I was fortunate enough to meet Dr. Roxanne Harde in my third year, and after dropping her aboriginal literature class due to being, well, terrified of the heavy course work, I took her Reform Writing for Children course in the winter term. I’ve always gotten good grades, and my professors have provided me with positive feedback throughout my coursework, but I’d always felt like I sort of coasted through my classes relatively unnoticed. And this was exactly what I’d wanted since I began my university: I wanted to get through my degree unrecognized with a solid 3.5 GPA, and jump into some sort of career after receiving my BA.

This changed once I began my first seminar with Dr. Harde, and as she pushed me to do my best and work harder than I thought was even possible, I realized that I am absolutely in love with researching and it was even something I might want to do as a career. I would be in Dr. Harde’s office for an hour or two every week, and we discussed my research, which was on girls’ education and marriage in nineteenth-century children’s texts by women authors, along with my writing capabilities, future plans, and the possibility of graduate studies. For the first time ever I felt talented, and Dr. Harde was so supportive and encouraged me to transcend the academic boundaries I’d set out for myself. The fact that there were only 9 students in the seminar was a huge advantage, because the individuals I was working with were students I had known from the beginning of my English degree, and we all worked together and created a sort of research and paper writing community.

Toward the end of the semester, Dr. Harde offered to hire me as her summer research assistant, and those four months as an RA changed the way I understood my future. Those four months were the best time of my life, and last summer I had the opportunity to become published in an academic journal, copy edited and formatted manuscripts, researched a wide range of topics, from Jim Henson’s The Dark Crystal to Southern singers and song writers, and got a sense of the inner-workings of publishing.

Dr. Harde also encouraged me to design a directed reading course for the fall semester of my senior year, and I decided to look at food as an extension of social structure in nineteenth-century women’s coming-of-age literature. My research was original, and for four months I completely immersed myself in food and the nineteenth-century. I even found an American cookbook from 1898 that was my great-great-grandmother’s and tried my hand at a few recipes that resurfaced throughout the texts I was reading, like minced meat pie and bread pudding, which ended in disaster but still made me feel closer to the little cooks I was reading about.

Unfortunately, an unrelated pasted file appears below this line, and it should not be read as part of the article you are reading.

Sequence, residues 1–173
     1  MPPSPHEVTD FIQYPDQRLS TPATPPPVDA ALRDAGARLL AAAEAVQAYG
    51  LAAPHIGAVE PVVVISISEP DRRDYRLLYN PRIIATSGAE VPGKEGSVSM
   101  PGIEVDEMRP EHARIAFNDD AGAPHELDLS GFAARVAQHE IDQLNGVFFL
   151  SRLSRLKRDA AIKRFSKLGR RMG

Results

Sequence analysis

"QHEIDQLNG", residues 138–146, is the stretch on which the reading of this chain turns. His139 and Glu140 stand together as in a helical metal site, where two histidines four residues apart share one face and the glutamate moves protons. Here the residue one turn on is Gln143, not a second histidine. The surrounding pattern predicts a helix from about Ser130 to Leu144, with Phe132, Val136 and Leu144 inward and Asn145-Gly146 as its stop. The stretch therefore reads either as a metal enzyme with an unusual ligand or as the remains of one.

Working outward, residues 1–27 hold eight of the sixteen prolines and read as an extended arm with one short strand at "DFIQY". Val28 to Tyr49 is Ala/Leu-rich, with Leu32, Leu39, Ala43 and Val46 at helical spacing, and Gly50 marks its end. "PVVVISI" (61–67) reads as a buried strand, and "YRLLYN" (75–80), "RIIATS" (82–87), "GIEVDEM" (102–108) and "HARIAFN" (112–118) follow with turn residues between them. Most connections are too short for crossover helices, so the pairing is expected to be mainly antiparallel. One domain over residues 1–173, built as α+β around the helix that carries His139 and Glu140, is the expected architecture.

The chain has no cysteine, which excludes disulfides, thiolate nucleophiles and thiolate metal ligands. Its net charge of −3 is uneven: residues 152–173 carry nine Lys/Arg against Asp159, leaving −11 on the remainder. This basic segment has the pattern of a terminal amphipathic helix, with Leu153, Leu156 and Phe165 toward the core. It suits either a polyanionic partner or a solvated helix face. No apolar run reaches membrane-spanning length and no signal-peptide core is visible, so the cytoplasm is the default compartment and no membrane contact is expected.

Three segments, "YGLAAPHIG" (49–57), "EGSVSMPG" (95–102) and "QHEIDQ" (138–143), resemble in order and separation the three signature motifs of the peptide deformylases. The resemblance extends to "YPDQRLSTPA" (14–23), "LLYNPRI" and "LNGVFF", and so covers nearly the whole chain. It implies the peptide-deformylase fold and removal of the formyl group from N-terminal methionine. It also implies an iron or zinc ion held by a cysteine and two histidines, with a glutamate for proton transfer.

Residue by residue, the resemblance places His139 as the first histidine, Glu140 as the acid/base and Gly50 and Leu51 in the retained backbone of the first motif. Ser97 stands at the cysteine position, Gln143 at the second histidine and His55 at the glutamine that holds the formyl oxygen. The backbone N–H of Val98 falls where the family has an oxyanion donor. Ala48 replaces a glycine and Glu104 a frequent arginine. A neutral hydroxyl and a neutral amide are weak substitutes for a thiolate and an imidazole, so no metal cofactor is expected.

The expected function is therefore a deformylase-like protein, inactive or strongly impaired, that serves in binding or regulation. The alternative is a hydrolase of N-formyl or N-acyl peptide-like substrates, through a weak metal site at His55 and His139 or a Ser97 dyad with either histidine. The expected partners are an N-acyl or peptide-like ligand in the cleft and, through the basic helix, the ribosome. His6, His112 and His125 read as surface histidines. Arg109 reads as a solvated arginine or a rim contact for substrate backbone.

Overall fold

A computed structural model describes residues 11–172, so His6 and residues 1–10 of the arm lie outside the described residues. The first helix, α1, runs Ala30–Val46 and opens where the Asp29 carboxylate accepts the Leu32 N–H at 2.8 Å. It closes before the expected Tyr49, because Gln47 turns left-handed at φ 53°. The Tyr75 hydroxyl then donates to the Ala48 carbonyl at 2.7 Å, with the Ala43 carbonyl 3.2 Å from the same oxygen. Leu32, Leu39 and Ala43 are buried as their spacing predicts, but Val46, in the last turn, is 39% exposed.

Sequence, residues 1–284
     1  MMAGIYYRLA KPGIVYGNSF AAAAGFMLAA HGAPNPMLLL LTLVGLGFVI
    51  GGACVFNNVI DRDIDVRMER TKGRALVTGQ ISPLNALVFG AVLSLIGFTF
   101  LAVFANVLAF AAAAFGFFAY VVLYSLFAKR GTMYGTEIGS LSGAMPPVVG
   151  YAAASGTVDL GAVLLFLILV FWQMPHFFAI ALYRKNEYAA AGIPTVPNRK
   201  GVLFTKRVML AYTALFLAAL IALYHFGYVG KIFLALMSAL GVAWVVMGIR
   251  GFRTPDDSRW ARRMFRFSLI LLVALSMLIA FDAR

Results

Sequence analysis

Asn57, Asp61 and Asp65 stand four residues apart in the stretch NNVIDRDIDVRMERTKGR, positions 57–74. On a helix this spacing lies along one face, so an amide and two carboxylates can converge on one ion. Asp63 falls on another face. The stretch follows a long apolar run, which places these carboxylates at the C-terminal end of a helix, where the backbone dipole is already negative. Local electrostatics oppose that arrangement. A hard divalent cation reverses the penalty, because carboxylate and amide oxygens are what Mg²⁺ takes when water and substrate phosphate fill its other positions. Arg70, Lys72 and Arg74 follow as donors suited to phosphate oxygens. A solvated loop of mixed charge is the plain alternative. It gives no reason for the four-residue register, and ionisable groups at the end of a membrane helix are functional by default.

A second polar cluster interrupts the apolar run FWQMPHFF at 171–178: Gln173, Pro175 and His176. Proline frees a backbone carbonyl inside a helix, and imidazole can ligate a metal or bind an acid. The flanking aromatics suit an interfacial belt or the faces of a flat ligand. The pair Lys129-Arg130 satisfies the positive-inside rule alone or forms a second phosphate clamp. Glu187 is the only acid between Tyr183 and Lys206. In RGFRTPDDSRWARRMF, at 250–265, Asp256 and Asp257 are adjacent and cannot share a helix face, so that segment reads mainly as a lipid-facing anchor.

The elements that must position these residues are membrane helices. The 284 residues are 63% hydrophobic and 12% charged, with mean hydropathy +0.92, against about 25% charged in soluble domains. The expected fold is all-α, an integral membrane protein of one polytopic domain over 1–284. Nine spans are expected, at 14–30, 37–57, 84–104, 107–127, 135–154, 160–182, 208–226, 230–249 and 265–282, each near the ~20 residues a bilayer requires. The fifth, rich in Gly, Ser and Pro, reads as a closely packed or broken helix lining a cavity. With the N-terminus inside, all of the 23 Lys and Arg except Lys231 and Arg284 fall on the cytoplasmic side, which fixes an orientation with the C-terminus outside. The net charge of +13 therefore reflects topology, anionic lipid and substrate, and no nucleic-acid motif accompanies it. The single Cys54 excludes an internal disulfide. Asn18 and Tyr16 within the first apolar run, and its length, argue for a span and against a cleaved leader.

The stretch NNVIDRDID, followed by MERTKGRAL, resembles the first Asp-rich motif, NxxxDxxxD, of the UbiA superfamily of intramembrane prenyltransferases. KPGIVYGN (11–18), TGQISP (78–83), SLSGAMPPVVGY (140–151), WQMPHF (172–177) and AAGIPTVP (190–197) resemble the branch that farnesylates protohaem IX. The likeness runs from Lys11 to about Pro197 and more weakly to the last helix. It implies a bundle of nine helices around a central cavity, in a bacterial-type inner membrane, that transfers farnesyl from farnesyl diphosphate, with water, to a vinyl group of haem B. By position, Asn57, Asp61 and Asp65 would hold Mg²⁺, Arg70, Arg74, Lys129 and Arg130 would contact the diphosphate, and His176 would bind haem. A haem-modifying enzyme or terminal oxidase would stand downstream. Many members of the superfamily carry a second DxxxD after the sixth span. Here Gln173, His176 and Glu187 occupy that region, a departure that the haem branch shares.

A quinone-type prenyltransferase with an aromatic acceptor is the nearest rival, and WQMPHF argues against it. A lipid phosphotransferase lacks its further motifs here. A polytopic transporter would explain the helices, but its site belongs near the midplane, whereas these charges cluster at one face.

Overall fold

I presented my paper at the Augustana Student Academic Conference, and the room was filled with my peers, professors, and even our Dean, Dr. Berger (which was a little nerve racking to say the least!) and I feel like that is an experience unique to Augustana: it’s a small enough campus that professors from all different disciplines can become involved in undergraduate research in various areas of study.

My paper ended up winning me the Outstanding Independent Work Award, and Dr. Harde and I are going to be working on expanding it and publishing it in a journal while I’m working for her again this summer, and I can’t help but think that I wouldn’t have had these amazing opportunities had I chosen to go to a larger campus. I was lucky enough to be recognized by Dr. Harde, and I was someone who prided myself on my ability to remain unnoticed. After immersing myself in undergraduate research and developing an understanding and appreciation of research culture with Dr. Harde last summer and this summer so far, I’ve completely reshaped my plans for the future and for the first time I feel confident in my career path.

My professors have been so supportive about my decision to start graduate studies in the Fall, and I’ve received meaningful advice and encouragement from professors of English, along with philosophy, art history, and even biology. By becoming involved in the tightly-knit community that Augustana prides itself on, I’m beginning my master’s program here at the U of A in the fall as a confident and well-rounded student, and I’ve made connections with Augustana students, professors, and staff that I’m confident will affect me well into my future.

Since beginning my degree in 2008, I’ve transformed from a shy, self-conscious, and generally lost individual to a confident and driven young adult, and I have Augustana’s supportive community to thank for giving me the extra push I needed to really understand my true potential.


Posted in Alumni, Augustana Campus, Featured. | Permalink

One response to Sam Christensen shares her Augustana experience

  • Karen Harris said:
    Jun 7, 2012 at 12:10 PM

    hey Sam – way to go!! Lisa Feng forwarded this onto me, and I am going to share it with all the staff (hopefully this is OK with you!)
    I am so excited to hear that you have found your passion, now follow it to the stars!
    Blessings,
    Karen Harris